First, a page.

Morocco // Marrakesh //

The Koutoubia

The absence of architectural features on the Jemaa el Fna serves to emphasize the drama of the nearby Koutoubia Minaret. Nearly 70m high and visible for miles on a clear morning, this is the oldest of the three great Almohad towers (the others are the Hassan Tower in Rabat and the Giralda in Seville) and the most complete. Its pleasing proportions – a 1:5 ratio of width to height – established the classic Moroccan design.

Completed under Sultan Yacoub el Mansour (1184–99), work on the minaret probably began shortly after the Almohad conquest of the city, around 1150. It displays many of the features that were to become widespread in Moroccan architecture – the wide band of ceramic inlay near the top, the pyramid-shaped, castellated merlons (battlements) rising above it, the use of darj w ktaf (“cheek and shoulder”) and other motifs – and it also established the alternation of patterning on different faces. Here, the top floor is similar on each of the sides but the lower two are almost eccentric in their variety. The semicircle of small lobed arches on the middle niche of the southeast face was to become the dominant decorative feature of Almohad gates. The three great copper balls at the top are the subject of numerous legends, mostly of supernatural interventions to keep away thieves. They are thought to have originally been made of gold, the gift of the wife of Yacoub el Mansour, presented as penance for breaking her fast for three hours during Ramadan.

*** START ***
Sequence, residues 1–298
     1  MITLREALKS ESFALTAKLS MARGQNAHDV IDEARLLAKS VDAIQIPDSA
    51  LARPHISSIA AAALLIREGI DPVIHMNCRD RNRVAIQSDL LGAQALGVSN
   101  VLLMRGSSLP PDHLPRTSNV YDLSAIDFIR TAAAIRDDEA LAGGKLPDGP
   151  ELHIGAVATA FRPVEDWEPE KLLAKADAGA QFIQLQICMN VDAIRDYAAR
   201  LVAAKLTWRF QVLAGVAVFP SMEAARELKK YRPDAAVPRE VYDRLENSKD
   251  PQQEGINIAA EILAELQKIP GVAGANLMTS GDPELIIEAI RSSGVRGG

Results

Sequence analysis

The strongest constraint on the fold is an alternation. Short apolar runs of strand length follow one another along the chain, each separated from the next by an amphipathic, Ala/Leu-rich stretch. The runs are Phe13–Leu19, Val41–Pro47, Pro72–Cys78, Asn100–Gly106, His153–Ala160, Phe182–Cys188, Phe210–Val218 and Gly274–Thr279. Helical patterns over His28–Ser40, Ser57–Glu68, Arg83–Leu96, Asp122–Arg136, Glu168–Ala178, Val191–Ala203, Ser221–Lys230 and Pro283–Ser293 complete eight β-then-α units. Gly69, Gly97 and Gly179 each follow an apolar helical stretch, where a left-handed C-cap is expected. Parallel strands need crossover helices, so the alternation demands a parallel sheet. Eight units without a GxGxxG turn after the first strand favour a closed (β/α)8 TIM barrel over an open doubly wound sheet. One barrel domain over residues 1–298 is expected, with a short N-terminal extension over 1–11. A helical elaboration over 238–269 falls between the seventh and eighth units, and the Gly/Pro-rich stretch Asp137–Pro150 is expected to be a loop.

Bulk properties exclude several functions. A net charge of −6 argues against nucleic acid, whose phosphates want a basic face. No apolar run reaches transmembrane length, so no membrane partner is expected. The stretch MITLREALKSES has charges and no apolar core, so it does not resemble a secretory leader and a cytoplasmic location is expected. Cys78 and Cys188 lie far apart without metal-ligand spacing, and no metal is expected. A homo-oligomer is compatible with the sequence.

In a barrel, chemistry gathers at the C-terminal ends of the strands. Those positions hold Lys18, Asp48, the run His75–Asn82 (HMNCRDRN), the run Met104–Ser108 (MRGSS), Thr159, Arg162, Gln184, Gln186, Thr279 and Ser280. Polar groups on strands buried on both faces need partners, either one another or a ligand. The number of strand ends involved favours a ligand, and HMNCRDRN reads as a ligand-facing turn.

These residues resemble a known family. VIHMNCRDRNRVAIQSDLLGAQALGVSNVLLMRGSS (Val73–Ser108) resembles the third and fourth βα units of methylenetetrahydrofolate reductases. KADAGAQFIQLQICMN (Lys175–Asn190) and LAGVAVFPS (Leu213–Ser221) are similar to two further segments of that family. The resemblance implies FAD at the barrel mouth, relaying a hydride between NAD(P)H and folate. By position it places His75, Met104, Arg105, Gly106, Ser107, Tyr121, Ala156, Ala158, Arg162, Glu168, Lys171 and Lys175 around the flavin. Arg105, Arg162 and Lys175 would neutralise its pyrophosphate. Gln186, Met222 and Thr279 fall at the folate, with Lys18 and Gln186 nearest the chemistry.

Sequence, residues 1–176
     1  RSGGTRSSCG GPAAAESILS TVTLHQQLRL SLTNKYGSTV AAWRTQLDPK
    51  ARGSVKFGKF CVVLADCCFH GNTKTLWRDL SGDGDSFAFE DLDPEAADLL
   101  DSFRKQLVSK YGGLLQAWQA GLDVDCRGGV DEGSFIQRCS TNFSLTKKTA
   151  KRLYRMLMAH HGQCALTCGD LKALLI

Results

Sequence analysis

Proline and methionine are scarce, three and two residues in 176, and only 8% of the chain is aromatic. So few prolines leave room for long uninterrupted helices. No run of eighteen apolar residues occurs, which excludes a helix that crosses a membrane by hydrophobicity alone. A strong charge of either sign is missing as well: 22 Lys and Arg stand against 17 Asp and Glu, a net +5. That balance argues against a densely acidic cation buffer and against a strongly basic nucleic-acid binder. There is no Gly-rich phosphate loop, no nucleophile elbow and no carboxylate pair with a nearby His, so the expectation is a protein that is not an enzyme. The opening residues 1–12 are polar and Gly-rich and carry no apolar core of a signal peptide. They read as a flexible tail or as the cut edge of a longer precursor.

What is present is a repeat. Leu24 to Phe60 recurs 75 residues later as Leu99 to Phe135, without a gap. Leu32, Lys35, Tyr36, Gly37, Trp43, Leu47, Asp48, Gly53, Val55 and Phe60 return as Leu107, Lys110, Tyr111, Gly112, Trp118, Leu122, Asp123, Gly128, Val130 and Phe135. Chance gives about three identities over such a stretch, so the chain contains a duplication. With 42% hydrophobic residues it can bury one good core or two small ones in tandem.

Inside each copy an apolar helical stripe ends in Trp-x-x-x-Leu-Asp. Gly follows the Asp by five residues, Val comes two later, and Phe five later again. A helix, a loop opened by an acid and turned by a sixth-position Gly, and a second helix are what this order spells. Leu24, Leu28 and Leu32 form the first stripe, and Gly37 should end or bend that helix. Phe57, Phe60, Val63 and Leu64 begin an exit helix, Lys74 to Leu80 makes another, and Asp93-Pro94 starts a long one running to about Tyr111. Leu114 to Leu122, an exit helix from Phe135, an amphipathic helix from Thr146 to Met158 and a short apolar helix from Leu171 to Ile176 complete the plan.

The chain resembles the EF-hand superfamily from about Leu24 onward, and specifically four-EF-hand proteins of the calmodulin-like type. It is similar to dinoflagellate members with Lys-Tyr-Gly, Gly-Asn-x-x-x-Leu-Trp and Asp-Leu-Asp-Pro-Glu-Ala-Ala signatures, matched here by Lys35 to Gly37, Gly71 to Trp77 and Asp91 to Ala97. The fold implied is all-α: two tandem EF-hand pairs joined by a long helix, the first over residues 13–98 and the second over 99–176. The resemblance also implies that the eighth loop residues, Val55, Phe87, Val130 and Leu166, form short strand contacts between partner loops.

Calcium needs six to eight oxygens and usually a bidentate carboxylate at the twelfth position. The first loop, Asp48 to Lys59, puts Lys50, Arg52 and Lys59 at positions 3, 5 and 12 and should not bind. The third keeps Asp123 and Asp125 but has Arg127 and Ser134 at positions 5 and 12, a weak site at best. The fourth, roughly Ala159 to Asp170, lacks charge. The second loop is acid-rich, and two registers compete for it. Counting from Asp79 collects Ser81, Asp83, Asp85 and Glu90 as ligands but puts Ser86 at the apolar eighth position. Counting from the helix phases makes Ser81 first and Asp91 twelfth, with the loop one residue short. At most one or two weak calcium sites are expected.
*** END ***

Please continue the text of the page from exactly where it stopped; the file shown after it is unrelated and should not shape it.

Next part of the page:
Close to the arches, the stones of the main body of the tower become slightly smaller, which seems odd today, but not originally, when the whole minaret was covered with plaster and painted, like that of the Kasbah Mosque. There was talk about restoring this on the Koutoubia back in 2000, but the authorities settled for a straight clean-up – to stunning effect, especially when it’s floodlit at night. At the same time, archeologists excavated the original mosque, which predates the tower, confirming that it had had to be rebuilt to correct its alignment with Mecca.

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